Recital
PIANISTIC COMMAND IN SCHROEDER RECITAL
by Lee Ormasa
Sunday, October 08, 2017
Nikolay Khozyainov’s Oct. 8 debut at the Green Music Center’s Schroeder Hall was one of those rare moments in a young artist’s career when a performance approaches perfection. From the opening notes of Beethoven’s A-Flat Major Sonata (Op. 110) through a delightful recital ending transcription, the ...
CHAMBER REVIEW
Ken Iisaka / Sunday, January 25, 2009
Ken Iisaka, Pianist

PIANISTIC LARGESSE IN MARIN

by Terry McNeill
Sunday, January 25, 2009

Marin pianist Ken Iisaka has been getting around lately, playing frequent concerts, competing in high-level competitions, writing about music and investigating rare repertoire that incites new interest. But he is seldom heard in a formal winter recital setting, with a good piano, and with somewhat standard compositions. The oversight was remedied January 25 when he presented four big works at San Rafael’s JB Piano Emporium under the auspices of the Concerts Grand piano series.

The afternoon’s music began with Haydn, specifically the effervescent Sonata No. 60 (Hob. XVI/50) that Lang Lang has frequently performed. Iisaka’s reading had all the humor and digital dexterity of Lang, along with exceptionally effective blurred pedal effects in the opening Allegro and deftly handled modulations in the Finale.

Brahms’ big Handel Variations, Op. 24, closed the first half. This monumental work from 1862 received an ardent reading, somewhat conventional compared to the text changes made in the classic Petri and Solomon recordings, but altogether achieving a powerful drama. The playing was not note perfect, but Iisaka generated momentum and majesty at the expense of precision. Tempos were brisk and allowed colorful inner details to shine. Iisaka had his arms solidly around the work.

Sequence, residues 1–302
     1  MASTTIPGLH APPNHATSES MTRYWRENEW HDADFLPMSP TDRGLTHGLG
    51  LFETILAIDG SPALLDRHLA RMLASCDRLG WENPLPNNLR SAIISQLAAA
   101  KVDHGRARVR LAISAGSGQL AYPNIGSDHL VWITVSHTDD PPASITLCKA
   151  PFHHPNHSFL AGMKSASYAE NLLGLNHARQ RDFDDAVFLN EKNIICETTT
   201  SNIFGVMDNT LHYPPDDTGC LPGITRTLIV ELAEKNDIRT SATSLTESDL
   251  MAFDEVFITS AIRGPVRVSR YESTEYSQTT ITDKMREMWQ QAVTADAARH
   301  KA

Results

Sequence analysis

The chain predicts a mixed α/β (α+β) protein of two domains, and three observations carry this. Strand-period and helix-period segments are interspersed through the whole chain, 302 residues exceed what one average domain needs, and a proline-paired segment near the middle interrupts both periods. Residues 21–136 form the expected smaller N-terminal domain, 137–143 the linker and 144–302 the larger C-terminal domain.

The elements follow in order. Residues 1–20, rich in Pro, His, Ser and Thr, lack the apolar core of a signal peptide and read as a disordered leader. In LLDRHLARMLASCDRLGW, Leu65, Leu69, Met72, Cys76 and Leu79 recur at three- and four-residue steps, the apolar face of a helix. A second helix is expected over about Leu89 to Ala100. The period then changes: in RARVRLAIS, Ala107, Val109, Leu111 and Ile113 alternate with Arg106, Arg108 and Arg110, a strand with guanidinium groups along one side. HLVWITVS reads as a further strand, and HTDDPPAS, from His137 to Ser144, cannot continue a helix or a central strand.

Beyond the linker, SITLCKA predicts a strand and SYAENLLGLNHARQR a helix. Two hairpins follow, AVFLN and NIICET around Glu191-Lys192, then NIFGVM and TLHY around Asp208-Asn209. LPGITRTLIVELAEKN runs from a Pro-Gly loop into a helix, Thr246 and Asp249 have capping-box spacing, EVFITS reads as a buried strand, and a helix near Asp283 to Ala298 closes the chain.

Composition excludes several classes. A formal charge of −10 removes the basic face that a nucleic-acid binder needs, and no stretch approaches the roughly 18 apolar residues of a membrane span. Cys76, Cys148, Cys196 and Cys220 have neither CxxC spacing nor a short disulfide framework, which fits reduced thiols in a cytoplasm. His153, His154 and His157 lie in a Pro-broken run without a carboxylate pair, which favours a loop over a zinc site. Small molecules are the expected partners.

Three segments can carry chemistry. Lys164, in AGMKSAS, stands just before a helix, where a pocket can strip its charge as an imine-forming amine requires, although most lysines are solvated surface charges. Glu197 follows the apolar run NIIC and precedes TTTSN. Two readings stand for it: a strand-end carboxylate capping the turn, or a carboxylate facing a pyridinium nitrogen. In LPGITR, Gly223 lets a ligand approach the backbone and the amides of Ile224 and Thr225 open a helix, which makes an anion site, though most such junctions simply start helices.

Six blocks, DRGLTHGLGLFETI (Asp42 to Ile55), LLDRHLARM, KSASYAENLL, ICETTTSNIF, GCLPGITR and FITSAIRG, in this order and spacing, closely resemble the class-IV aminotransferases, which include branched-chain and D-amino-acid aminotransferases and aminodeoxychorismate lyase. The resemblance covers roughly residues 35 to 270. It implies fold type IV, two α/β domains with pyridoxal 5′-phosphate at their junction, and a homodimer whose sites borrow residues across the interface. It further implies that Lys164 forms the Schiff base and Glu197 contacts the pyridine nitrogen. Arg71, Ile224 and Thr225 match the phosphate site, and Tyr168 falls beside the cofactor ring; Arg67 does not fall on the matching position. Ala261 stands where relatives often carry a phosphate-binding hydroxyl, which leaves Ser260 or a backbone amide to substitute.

Following an intermission spiced with gratis champagne and lots of audience piano playing on the store’s instruments (thankfully not the Grotrian 275 on the stage), Iisaka presented one of his signature pieces, the Berg Sonata, Op. 1. This sonata is a highly chromatic and thick-textured work, with seemingly everything growing from the first measures. Iisaka played it with fastidious attention to inner lines and polyphonic detail. Early Berg looks back toward the Romantic era, and Iisaka deftly spotlighted the connections.

Nikolai Medtner (1880-1951) remains one of the Rodney Dangerfields of 20th century piano composers – never getting much public respect and eternally in the shadow of Rachmaninoff. His F-Sharp “Sonata Ballada,” Op. 27, concluded the program, and Iisaka played the cyclic forms so favored by Medtner with sharp relief. Iisaka clearly loves this music, and he lavished great care with the ephemeral themes and distinct contrasts. The constant breaks between the lyricism and passionate parts were effectively juxtaposed.

Iisaka tends to be generous with his pianistic largesse, and he offered two big sets of variations as encores. First came Kapustin’s Op.80 Theme and Variations, a tour-de-force fusion of jazz rhythms and the descending-note motif from Stravinsky’s “Sacre du Printemps.” This reviewer was not alone in being unable to find the theme in the cascade of notes, and the pianist kindly showed the errors of our ways by demonstrating the motif prior to introducing yet another long and demanding encore, Mozart’s 12 variations on “Ah! Vous Dirai-Je, Maman.” Here Iisaka reveled in the complexity of the variation forms, displaying a light touch and droll phrasing. An éclair to end a recital of provocative music.

The reviewer is the Producer of the Concerts Grand series